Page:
Based on a pair of tales from The Tarot of Perfection, Pollack's last collection, The Child Eater tells two separate yet connected stories. Separate in that the boys we follow are worlds apart, and divided in time, too; connected, though neither knows it, by the parts they're fated to play in the downfall of the eponymous monster: an immortal man wicked in the ways you'd expect, not least because of the innocents he eats.

Matyas, when we meet him, is a slave to his parents, the proprietors of The Hungry Squirrel, a "dismal wood building on a dismal road that ran from the sea to the capital. Most of the inn's business came from travellers on their way from the port to the city, or the other way around. Sometimes, with the wealthier ones in their private carriages, Matyas saw the faces screw up in distaste, and then they would sigh, knowing they had no choice." (p.1) Likewise dissatisfied with his lot in life, he follows one such weary wanderer to a forest far from his home, where he sees something he can hardly believe: the man—a magician, he must be—shooting the shit with a head on a stick.

Thursday, 17 July 2014

Coming Attractions | Scale-Bright by Benjanun Sriduangkaew

Lavie Tidhar has it that Benjanun Sriduangkaew is amongst "the most exciting new voices in speculative fiction today," and readers? I don't disagree. I've only read a few of her short stories—'Fade to Gold' in End of the Road and 'Silent Bridge, Pale Cascade' in Clarkesworld Magazine—but both have been (excuse the hyperbole here) mindblowing.

To wit, I met the news of her new novella—her first, unless I'm very much mistaken—with more than a mite of excitement. Due out sometime this month from the fine folks at Immersion Press, Scale-Bright is "a contemporary fantasy" narrative blending "Chinese myth, interstitial cities, and the difficulties of being mortal and ordinary when everyone around you has stepped out of legends."

Here's the wonderful Richard Wagner cover, in all its high resolution loveliness:


I've got a blurb for the book, to boot. Behold!
Julienne’s aunts are the archer who shot down the suns and the woman who lives on the moon. They teach her that there’s more to the city of her birth than meets the eye—that beneath the modern chrome and glass of Hong Kong there are demons, gods, and the seethe of ancient feuds. As a mortal Julienne is to give them wide berth, for unlike her divine aunts she is painfully vulnerable, and choice prey for any demon.
Until one day, she comes across a wounded, bleeding woman no one else can see, and is drawn into an old, old story of love, snake women, and the deathless monk who hunts them.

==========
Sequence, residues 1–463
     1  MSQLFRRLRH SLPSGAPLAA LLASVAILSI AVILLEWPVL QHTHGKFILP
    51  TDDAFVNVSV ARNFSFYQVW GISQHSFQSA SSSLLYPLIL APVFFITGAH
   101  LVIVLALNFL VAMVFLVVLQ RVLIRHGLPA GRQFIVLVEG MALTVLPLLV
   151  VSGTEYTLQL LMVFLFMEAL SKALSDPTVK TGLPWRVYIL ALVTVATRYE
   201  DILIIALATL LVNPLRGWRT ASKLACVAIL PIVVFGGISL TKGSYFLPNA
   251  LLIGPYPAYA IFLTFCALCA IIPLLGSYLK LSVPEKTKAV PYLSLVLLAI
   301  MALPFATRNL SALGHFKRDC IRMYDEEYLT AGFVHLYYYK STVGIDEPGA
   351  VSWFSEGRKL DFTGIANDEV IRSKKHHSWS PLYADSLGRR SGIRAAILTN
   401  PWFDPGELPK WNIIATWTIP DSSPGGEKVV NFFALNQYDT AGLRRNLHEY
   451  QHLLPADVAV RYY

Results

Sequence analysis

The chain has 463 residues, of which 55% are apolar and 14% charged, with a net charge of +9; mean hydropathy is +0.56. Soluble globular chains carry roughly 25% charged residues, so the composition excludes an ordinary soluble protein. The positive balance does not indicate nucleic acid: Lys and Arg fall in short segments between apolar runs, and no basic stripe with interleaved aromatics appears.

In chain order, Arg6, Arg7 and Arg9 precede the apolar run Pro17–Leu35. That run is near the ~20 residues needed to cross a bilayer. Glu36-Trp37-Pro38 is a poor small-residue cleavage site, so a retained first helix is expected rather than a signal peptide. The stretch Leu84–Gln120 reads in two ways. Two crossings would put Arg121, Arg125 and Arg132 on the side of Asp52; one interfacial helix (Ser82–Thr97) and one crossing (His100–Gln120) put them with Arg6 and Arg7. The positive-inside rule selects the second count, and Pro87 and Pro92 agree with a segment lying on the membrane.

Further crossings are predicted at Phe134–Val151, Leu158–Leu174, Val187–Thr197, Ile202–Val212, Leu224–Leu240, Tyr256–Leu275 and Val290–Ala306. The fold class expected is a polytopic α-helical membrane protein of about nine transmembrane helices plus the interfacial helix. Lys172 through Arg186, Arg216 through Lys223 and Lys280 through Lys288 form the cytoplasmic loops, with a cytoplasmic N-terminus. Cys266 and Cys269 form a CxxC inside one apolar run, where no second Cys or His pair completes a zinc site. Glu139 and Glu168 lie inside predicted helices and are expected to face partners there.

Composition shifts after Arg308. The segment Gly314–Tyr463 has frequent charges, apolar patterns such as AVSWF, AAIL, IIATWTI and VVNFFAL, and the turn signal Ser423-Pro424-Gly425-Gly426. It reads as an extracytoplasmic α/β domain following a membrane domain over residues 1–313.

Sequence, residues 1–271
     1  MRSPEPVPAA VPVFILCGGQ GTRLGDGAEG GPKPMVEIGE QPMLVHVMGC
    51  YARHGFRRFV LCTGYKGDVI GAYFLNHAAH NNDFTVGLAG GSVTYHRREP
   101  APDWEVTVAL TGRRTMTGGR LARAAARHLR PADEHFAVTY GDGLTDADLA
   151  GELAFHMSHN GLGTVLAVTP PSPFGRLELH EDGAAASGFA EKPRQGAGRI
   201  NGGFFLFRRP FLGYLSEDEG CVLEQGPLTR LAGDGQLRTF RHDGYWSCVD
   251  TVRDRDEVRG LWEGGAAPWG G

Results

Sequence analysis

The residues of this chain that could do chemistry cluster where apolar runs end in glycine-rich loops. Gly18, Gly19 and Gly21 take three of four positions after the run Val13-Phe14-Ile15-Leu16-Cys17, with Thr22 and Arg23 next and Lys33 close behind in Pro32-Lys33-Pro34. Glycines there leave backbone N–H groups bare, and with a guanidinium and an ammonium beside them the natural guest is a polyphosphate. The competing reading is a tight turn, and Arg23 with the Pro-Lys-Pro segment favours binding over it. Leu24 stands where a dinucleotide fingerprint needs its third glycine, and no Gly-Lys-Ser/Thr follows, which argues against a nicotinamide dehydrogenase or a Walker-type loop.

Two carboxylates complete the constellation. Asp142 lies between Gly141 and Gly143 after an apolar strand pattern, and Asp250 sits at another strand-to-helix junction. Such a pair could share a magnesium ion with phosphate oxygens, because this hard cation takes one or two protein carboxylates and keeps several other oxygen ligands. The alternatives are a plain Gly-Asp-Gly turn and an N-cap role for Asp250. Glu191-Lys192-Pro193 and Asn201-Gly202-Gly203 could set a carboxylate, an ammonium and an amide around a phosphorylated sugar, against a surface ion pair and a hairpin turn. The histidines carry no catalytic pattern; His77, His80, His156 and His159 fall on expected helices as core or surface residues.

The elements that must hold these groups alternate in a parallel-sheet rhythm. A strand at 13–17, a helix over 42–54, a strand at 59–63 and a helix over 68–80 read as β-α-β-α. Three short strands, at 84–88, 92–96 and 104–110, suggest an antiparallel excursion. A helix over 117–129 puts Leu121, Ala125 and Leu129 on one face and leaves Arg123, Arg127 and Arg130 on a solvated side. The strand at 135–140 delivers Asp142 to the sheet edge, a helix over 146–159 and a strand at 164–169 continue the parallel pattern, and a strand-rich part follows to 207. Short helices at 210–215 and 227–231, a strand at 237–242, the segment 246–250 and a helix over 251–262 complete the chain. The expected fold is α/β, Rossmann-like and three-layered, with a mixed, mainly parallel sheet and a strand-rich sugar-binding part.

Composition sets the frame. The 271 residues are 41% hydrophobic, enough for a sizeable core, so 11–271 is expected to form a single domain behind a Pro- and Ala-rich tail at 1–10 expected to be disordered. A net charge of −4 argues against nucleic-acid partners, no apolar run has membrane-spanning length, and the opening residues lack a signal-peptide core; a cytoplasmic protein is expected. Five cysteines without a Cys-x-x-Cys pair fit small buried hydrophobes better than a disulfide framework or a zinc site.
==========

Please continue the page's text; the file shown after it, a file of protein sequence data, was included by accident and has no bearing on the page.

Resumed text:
If, like me, you can't contain your anticipation, check out these three free short stories—'Chang'e Dashes from the Moon''Woman of the Sun, Woman of the Moon' and 'The Crows Her Dragon's Gate'—all of which "provide further background to the mythological grounding of Scale-Bright." And then get your orders in, alright?

Tuesday, 15 July 2014

Bargain Books | Speculative Fiction for Free

I don't know why, exactly, but whatever the impetus is, the effect is excellent: if you haven't already bought copies of Speculative Fiction 2012 and Speculative Fiction 2013, Jurassic London's exemplary collections of the best online reviews, commentaries and essays—both of which I'm honoured to be included in—for a limited time you can grab the digital editions from Amazon for nada.


But be quick about it, my pretties! Through today and tomorrow, both volumes of the Hugo- and British Fantasy Award-nominated anthology are completely free, but they'll be back at their usual price before you know it.

Then again, with every penny of the proceeds going to Room to Read, it might actually be better, ethically, to wait till you can put a few pounds down...

Monday, 14 July 2014

Book Review | The Garden of Darkness by Gillian Murray Kendall


Their families dead from the pandemic SitkaAZ13, known as “Pest,” 15-year-old cheerleader Clare and 13-year-old chess club member Jem, an unlikely pair, are thrown together and realize that, if either of them wishes to reach adulthood, they must find a cure. A shadowy adult broadcasting on the radio to all orphaned children promises just that—to cure children once they grow into Pest, then to feed them and to care for them.

Or does this adult have something else in mind? 

Against a hostile landscape of rotting cities and of a countryside infected by corpses and roamed by voracious diseased survivors, Jem and Clare make their bid for life and, with their group of fellow child-travelers growing, embark on a journey to find the cure. They are hampered by the knowledge that everything in this new child-led world has become suspect—adults, alliances, trust, hope. But perhaps friendship has its own kind of healing power. 

***

A teenage take on The Walking Dead blissfully free from that franchise's most mercenary elements, The Garden of Darkness is an astonishingly good debut about a cheerleader and a chess club member's struggle to survive absent adults in a landscape ravaged by the Pest pandemic.

Though they went to school together way back when, the odd couple we quickly come to care about only really meet a matter of months after Pest lays waste to the world as we know it, killing all the afflicted adults and sentencing every single survivor to death at the onset of adolescence:
Clare knew she was infected with Pest—the rash was enough to prove that. She knew that she was going to die of it, too. Eventually. She might even have a couple of years left, but, according to the scientists, she wasn't going to live to adulthood. [...] In its own weird way, Clare thought the link between Pest and adolescence sounded logical. Adolescence had always been a bag of goodies: complexion problems, mood swings, unrequited love and now, Pest. (p.17)